I cannot speak for others , however, I think that cereal & toast is sufficient for.....with plenty of coffee
     
  9. TRF_Olyy

    TRF_Olyy English Arrogance

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    I went meat free for a while but couldn't go the whole hog to full veg/vegan (I ate a lot of vegan food but struggled to give up eggs/dairy).
    My go to was always toast, beans and fried eggs. Sounds like it's missing something but it's real good.
     
  10. The Alpha Bro

    The Alpha Bro Fat Boi

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    Meat and Dairy farming counts for something like 15% of the world's carbon emissions, beef being the worst offender because of the amount of methane cows produce in addition to the already harmful processing and packaging of the meat. Now a vegetarian diet isn't perfect either, the recent surge in popularity of quinoa for example has led to deforestation but unless you're out hunting on horseback for your food, which isn't exactly an option in suburban Dublin, the veggie option will more or less invariably be the one with the lower carbon footprint.

    It's only something I've realised myself in the last year or so but I've read enough expert opinions saying things like cutting beef from your diet would be better for your carbon footprint than stopping driving for it to catch my attention on the subject.

    After this becomes well established I think domesticated animals will be next on the warpath for environmentalists... That one will be bitter!
     
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  11. TRF_heineken

    TRF_heineken RIP #J9

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    I hear you. But let's take the continent of Africa as an example, and add to that the famous words of Mufasa in the Lion King, when he talked about the Circle of Life. Overgrazing of animals is also an issue, and should those animals in their natural habitat not be culled and be used for their meat, there will be bad ramifications for the environment as well. The meat eaters of the world are also doing their part for the environment, and their industries are also looking at ways to improve their carbon footprint.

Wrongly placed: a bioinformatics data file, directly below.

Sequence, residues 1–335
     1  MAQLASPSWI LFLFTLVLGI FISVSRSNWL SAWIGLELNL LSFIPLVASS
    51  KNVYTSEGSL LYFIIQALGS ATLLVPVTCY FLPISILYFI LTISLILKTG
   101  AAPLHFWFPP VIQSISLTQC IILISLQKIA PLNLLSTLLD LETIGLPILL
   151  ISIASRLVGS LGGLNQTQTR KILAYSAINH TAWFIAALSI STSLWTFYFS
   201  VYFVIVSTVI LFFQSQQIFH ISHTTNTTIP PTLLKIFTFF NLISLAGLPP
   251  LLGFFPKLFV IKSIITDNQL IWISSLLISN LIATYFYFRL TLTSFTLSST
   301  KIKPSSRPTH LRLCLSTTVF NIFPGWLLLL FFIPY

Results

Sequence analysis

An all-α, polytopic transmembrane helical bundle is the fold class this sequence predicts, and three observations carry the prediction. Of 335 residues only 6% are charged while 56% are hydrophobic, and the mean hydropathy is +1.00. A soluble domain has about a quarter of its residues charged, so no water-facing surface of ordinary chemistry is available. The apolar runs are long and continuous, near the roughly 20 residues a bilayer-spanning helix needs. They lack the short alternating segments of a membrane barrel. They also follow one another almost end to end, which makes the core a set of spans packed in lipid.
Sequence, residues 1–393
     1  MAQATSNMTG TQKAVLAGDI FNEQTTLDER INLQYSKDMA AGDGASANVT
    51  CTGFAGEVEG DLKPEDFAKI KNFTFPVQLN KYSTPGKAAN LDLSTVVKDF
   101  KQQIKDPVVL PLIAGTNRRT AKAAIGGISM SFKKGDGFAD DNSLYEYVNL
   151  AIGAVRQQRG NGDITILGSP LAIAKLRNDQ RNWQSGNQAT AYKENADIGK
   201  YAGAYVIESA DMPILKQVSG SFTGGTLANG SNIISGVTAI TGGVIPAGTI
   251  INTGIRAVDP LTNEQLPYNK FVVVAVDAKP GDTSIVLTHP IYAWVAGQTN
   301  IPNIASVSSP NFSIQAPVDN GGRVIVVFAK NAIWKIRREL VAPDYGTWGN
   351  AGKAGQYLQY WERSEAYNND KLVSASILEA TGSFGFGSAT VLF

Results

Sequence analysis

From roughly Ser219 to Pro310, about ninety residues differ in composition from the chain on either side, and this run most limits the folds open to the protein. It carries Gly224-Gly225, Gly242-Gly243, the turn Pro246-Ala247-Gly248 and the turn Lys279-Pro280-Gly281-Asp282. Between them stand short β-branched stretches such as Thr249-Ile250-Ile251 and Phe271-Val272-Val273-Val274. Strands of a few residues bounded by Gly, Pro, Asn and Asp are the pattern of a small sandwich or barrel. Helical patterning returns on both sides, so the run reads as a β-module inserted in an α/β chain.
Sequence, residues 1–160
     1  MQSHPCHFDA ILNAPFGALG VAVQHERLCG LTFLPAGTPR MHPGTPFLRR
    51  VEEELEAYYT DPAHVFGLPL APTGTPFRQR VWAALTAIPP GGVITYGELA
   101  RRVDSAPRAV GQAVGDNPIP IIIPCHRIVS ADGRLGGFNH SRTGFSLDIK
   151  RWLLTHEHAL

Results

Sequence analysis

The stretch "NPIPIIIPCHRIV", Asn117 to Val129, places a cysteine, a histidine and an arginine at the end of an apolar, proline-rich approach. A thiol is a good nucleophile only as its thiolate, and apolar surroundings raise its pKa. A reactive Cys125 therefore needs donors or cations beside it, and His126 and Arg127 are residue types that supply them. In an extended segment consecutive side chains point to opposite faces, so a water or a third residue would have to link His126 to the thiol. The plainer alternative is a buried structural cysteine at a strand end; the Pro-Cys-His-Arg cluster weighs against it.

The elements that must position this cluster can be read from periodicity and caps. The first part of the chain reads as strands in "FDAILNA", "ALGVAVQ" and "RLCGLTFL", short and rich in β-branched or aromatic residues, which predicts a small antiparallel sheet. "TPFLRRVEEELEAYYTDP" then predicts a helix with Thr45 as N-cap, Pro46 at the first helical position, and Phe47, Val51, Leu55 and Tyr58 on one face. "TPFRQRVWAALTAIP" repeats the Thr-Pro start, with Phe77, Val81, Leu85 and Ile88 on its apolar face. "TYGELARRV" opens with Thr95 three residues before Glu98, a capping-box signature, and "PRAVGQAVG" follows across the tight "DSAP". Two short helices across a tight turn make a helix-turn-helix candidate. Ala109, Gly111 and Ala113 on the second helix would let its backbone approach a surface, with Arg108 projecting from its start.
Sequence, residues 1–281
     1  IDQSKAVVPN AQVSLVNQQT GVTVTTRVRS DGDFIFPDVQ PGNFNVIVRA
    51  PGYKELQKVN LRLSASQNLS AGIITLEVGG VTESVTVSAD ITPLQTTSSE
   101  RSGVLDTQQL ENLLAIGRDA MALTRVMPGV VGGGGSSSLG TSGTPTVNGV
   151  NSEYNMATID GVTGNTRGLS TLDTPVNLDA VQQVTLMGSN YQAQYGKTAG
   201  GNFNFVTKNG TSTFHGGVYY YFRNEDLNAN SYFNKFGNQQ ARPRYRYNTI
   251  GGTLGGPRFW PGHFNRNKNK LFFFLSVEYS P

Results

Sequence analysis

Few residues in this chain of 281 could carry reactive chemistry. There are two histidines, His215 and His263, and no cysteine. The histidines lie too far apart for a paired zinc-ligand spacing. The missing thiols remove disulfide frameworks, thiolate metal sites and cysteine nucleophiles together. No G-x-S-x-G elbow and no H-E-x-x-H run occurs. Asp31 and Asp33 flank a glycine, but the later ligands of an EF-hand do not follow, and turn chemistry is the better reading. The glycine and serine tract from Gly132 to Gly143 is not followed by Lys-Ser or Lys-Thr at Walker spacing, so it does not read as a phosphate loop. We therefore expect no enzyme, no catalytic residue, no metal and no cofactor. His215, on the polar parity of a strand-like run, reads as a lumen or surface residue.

When I was fresh out of high school, I worked at a cattle feedlot just outside of town. But we didn't just make cows fat and send them off to the abbatoir. No, we used their manure to assist the farms around the feedlot to provide their crops with manure in order to aid growth. We also sold that manure to the people in town, to feed their lawns and gardens. And lastly, we had our own Lucerne plantations to feed the cattle which was planted on the previous year's grazing station.

    Now people who have this tirade on social media about people shooting and hunting animals and taking pictures with their trophy, I have no time for them as they are so narrowminded in their approach to lambasting a guy just for posting that photo, they have no idea of what's going on behind the scenes.

    But before we digress too much off topic.
     
  12. scotty507

    scotty507 First XV

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    No its not missing anything, beans on toast is a favourite of mine im actually going to have it for lunch :). Although if your going full english its missing stuff.

    Appologise for raising this question as this is a food thread not an environmental protection thread :) by all means start one and debait the evironmental pros and cons of this subject. Not saying its not a big issue or doesnt matter im just saying i dont think this is the place. I want to hear about pork sausage vs quorn sausage! :)
     
  13. TRF_Olyy

    TRF_Olyy English Arrogance